In reference to **2** and **3**, it should be noted that the value “l” is typically chosen based on a trade-off between desiring a short output message of length “l” and the desire to minimize the probabilities of Equations (1) and (2) and in the case of an ε strongly universal hash function, Equation (3).

The following section provides an abbreviated proof showing that the disclosed squaring hash functions satisfies the properties for Equations (1), (2) and (3).

Theorem 1: The hashing function described by Equation (6) is Δ—universal.

Proof: For all m≠nεZ_{p}, and ΔεZ_{p}:

*P* _{x} *r[h* _{x}(*m*)−*h* _{x}(*n*)=Δ] (1)

=*P* _{x} *r*[(*m+x*)^{2}−(*n+x*)^{2}=Δ] (2)

=*P* _{x} *r*[(*m* ^{2} *−n* ^{2}+2(*m−n*)*x=Δ]* (3)

=1*/p* (4)

Where the last inequality follows since for any given m≠nεZ_{p }and δεZ_{p }there is a unique x which satisfies the equation m^{2}−n^{2}+2(m−n)x=δ.

Theorem 2: The hashing function described by Equation (7) is a strongly universal family of hash functions.

Proof: Follows as an immediate corollary of the following lemma which shows how to convert any Δ—universal family of hash functions into a strongly—universal family of hash functions.

Lemma 1: Let “h”={h_{x}: D→R|xεK}, where R is an abelian group and “k” is the set of keys, be a Δ—universal family of hash functions. Then H′={h′_{x,b}: D→R|xεK,bεR} defined by h′_{x,b }(m)≡(h_{x }(m)+b) (where the addition is the operation under the group R) is a strongly universal family of hash functions.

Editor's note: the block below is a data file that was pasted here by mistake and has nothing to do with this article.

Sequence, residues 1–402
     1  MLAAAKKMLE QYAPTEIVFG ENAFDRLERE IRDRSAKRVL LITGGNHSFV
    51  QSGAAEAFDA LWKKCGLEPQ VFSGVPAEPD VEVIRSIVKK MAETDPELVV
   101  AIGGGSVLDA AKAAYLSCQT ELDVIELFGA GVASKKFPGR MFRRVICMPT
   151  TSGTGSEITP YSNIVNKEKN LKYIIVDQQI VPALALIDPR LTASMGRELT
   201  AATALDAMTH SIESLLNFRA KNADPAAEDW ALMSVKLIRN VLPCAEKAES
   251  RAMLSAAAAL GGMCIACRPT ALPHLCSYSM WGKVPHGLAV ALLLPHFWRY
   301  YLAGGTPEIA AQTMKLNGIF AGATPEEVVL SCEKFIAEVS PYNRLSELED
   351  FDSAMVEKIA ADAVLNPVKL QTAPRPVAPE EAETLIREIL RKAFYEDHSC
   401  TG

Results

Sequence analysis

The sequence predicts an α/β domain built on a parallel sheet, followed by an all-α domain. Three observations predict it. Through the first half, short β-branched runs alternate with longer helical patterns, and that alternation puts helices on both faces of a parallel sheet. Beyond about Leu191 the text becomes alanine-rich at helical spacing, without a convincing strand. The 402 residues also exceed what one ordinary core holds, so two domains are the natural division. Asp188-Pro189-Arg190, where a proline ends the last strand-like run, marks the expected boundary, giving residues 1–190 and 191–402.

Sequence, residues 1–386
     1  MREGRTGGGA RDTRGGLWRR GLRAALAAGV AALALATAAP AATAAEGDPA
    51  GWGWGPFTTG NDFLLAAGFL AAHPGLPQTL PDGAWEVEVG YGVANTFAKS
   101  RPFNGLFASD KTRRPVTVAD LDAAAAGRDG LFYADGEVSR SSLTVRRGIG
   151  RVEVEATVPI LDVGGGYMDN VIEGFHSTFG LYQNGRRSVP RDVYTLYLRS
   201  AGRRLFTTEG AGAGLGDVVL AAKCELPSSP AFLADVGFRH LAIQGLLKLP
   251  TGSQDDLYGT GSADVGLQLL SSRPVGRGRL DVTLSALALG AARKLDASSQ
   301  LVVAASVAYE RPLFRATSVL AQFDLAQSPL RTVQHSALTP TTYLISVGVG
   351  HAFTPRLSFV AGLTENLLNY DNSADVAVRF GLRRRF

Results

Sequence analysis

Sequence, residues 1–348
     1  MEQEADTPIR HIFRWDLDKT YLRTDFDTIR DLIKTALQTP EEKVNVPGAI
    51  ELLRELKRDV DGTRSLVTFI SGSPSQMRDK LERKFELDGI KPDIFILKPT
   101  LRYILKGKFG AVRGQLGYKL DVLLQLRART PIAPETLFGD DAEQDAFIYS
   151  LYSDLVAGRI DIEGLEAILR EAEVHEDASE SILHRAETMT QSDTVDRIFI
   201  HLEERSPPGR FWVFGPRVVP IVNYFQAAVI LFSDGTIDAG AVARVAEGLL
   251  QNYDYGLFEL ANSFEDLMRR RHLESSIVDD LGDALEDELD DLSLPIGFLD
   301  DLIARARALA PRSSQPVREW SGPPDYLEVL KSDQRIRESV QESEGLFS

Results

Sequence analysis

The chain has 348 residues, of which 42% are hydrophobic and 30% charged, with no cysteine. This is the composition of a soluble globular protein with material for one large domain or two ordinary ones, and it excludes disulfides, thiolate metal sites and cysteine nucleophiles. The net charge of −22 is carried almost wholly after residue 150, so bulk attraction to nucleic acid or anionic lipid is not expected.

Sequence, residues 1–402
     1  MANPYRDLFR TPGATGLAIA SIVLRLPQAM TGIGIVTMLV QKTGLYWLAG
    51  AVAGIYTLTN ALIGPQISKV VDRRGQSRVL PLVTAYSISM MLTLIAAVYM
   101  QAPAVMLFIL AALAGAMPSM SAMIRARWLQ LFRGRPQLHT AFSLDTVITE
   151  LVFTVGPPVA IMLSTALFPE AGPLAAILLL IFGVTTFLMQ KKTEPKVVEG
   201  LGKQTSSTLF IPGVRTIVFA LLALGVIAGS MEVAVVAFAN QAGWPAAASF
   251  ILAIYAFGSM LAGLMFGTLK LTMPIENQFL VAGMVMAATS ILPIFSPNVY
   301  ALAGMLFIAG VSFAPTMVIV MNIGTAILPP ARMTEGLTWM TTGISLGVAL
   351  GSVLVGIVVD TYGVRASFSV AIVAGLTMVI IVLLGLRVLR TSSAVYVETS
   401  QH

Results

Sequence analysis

Proof: For all m≠nεD and all α, βεR:

=1*/|R|* ^{2} (9)

The last equation follows since h_{x }is a Δ—universal hash function and h_{x}(m)−h_{x}(n) can take on any value in R with equal probability.

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Referenced by

Citing Patent | Filing date | Publication date | Applicant | Title |
---|---|---|---|---|

US7933905 * | Sep 7, 2006 | Apr 26, 2011 | Nec Corporation | Universal-hash-function-family calculation unit and shared-key generation system |

US8812570 * | May 28, 2009 | Aug 19, 2014 | Red Hat, Inc. | String hashing using a number generator |

US20090240913 * | Sep 7, 2006 | Sep 24, 2009 | Nec Corporation | Universal-hash-function-family calculation unit and shared-key generation system |

US20100306294 * | May 28, 2009 | Dec 2, 2010 | Schneider James P | Mechanism for String Hashing Using a Random Number Generator |

CN101833541A * | Apr 26, 2010 | Sep 15, 2010 | 华为技术有限公司 | Hash data processing method and device |

Classifications

U.S. Classification | 380/28, 380/268, 380/270 |

International Classification | H03M7/40, H03M7/30, G09C1/00, H04K1/08, G06F17/10, H04K1/02, H04K1/06, G06F7/60 |

Cooperative Classification | H03M7/30 |

European Classification | H03M7/30 |

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Jan 4, 1999 | AS | Assignment | Owner name: LUCENT TECHNOLOGIES INC., NEW JERSEY Free format text: ASSIGNMENT OF ASSIGNORS INTEREST;ASSIGNORS:PATEL, SARVAR;RAMZAN, ZULFIKAR AMIN;REEL/FRAME:009682/0577;SIGNING DATES FROM 19981216 TO 19981228 |